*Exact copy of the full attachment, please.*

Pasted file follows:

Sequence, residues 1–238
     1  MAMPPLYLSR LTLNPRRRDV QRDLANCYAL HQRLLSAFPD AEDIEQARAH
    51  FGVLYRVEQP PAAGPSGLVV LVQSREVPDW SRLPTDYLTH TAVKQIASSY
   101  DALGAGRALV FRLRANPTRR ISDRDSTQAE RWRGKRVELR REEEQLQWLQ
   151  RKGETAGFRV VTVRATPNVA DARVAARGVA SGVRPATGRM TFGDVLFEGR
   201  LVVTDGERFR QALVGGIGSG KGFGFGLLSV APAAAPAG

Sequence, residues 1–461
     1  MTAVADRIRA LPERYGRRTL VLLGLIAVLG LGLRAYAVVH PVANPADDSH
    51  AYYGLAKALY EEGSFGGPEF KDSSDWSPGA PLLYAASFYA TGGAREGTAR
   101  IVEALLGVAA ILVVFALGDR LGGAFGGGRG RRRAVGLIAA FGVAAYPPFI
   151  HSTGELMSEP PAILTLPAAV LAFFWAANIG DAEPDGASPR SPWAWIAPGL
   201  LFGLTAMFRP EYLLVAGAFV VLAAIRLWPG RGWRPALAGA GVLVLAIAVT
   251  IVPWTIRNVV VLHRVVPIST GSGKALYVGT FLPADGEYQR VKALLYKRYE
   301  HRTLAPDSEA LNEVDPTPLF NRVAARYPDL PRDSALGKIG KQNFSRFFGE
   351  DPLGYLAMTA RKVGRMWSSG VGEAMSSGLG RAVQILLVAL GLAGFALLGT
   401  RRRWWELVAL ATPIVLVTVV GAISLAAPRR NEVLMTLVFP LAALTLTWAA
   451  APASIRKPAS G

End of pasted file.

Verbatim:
Sequence, residues 1–238
     1  MAMPPLYLSR LTLNPRRRDV QRDLANCYAL HQRLLSAFPD AEDIEQARAH
    51  FGVLYRVEQP PAAGPSGLVV LVQSREVPDW SRLPTDYLTH TAVKQIASSY
   101  DALGAGRALV FRLRANPTRR ISDRDSTQAE RWRGKRVELR REEEQLQWLQ
   151  RKGETAGFRV VTVRATPNVA DARVAARGVA SGVRPATGRM TFGDVLFEGR
   201  LVVTDGERFR QALVGGIGSG KGFGFGLLSV APAAAPAG

Sequence, residues 1–461
     1  MTAVADRIRA LPERYGRRTL VLLGLIAVLG LGLRAYAVVH PVANPADDSH
    51  AYYGLAKALY EEGSFGGPEF KDSSDWSPGA PLLYAASFYA TGGAREGTAR
   101  IVEALLGVAA ILVVFALGDR LGGAFGGGRG RRRAVGLIAA FGVAAYPPFI
   151  HSTGELMSEP PAILTLPAAV LAFFWAANIG DAEPDGASPR SPWAWIAPGL
   201  LFGLTAMFRP EYLLVAGAFV VLAAIRLWPG RGWRPALAGA GVLVLAIAVT
   251  IVPWTIRNVV VLHRVVPIST GSGKALYVGT FLPADGEYQR VKALLYKRYE
   301  HRTLAPDSEA LNEVDPTPLF NRVAARYPDL PRDSALGKIG KQNFSRFFGE
   351  DPLGYLAMTA RKVGRMWSSG VGEAMSSGLG RAVQILLVAL GLAGFALLGT
   401  RRRWWELVAL ATPIVLVTVV GAISLAAPRR NEVLMTLVFP LAALTLTWAA
   451  APASIRKPAS G